Introduction, Specifications, and Pricing
iBUYPOWER is a brand that I think anyone who has been part of the PC community is aware of. iBUYPOWER is a system integrator or SI as its commonly referred to. They offer prebuilt systems suitable for gaming and general use, while also offering some exciting customization options and even the occasional unique and exclusive custom designs. One such model is the Snowblind series, which took an NZXT chassis design and integrated an LCD layer. This feature allows the systems GPU to control an image that is displayed on the side panel with the filter enabling internal components to be viewed through the image on the side panel.
The Snowblind series was initially conceptualized and applied to Snowblind based prebuilt systems from iBUYPOWER. However, iBUYPOWER is now offering the chassis in a DIY form for users who want to build their custom system with an active display filter built into the main window panel.
Key features of the Snowblind Element chassis primarily will be the LCD side panel; however, it being an NZXT based chassis, it has similar fitment of components to what we have seen on a chassis such as the H510 Elite.
The Snowblind Element measures at 475mm tall and 437mm deep. The width of the chassis is 203mm, which should give reasonable fitment for taller components. The part number for the Snowblind Element is CS-IBP-EMEMENT-SN, and I feel like while the part number looks like Element was misspelled, I assume that is to help designate model differentials.
Motherboard fitment ranges from ITX up to ATX. The 3.5″ and 2.5″ storage fitment are numbers at two each. Since the HDD cage does not use trays, they cannot be repurposed for 2.5″ drives. The 2.5″ drive trays are on top of the PSU shroud, which means they will be visible inside your system through the LCD panel window. The PSU fitment is full ATX, and there is reasonable room to fit most at up to 255mm. The PSU is rear entry via a bracket system. The PSU area is covered by a shroud, which helps to give a more reflective white surface to push light back through the side panel along with creating a more agreeable aesthetic than a PSU at the bottom.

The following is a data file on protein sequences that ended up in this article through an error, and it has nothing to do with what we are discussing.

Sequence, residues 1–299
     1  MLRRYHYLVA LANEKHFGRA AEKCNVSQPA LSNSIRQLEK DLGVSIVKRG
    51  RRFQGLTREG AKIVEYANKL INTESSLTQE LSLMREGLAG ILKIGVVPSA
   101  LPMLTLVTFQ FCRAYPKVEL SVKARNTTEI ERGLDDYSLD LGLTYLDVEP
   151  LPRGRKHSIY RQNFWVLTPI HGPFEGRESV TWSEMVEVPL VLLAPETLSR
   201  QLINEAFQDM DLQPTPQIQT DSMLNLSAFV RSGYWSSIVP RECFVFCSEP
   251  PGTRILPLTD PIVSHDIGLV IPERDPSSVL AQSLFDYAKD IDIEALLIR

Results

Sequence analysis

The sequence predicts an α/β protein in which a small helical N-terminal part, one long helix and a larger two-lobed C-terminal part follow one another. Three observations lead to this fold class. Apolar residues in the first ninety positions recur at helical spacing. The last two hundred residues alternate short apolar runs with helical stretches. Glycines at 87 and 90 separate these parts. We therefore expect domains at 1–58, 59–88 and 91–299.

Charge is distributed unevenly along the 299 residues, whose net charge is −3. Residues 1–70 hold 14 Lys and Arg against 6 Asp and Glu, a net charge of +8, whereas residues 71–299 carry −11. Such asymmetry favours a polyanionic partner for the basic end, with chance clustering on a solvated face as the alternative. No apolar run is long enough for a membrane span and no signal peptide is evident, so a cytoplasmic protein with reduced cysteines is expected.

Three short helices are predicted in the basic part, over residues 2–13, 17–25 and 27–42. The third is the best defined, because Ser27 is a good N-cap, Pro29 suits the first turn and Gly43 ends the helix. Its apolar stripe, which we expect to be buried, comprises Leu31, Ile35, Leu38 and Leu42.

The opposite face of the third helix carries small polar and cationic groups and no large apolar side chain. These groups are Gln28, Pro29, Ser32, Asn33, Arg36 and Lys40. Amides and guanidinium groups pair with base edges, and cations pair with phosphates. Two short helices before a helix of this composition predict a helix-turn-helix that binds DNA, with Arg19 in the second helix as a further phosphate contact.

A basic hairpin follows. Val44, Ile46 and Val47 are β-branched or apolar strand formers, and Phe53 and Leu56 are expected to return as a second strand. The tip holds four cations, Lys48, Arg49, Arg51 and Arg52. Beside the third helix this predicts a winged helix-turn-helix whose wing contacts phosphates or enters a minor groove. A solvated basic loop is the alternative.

The fan fitment is the same as we saw with the H510/H500 Elite chassis. The front takes up to two 120 or 140mm based fans or radiators up to 280mm. The rear mount can fit 120mm radiators or fans. The top can take a single 120 or 140mm fan but no radiator here due to the proximity of the motherboard. The included fans number three, with dual 120mm fans up front, and a single 120mm fan out back. Do note that the included fans are 3-pin DC fans, so control granularity will not be stellar. The two front fans come with a 4-pin PATA adapter, which feeds them full 12V and full speed. The CPU cooler limit is 160mm, which may be a bit short for some of the most massive coolers but should fit most.
The price of the Snowblind element is $299 MSRP, and the newer Snowblind S will cost you $199. Since we are checking out the Element today, we will focus on this price point. The $299 price point is when you start to get to the upper echelon of pricing for a mid-tower, with contenders coming in the form of the Obsidian 500D at twenty dollars cheaper, along with the Phanteks Enthoo Primo being fifty dollars cheaper.
There are also more expensive options, but the one thing the Snowblind series has going for it right out of the box is the LCD panel solution. Any other chassis would require custom work that most may not be comfortable with. With that said, this is going to be exciting as we test the Snowblind Element and asses its performance and features versus the competition in the conclusion.
With all that behind us, let’s see what we find as we dig into the Snowblind Element from iBUYPOWER.
Shannon’s Chassis Test System Specifications
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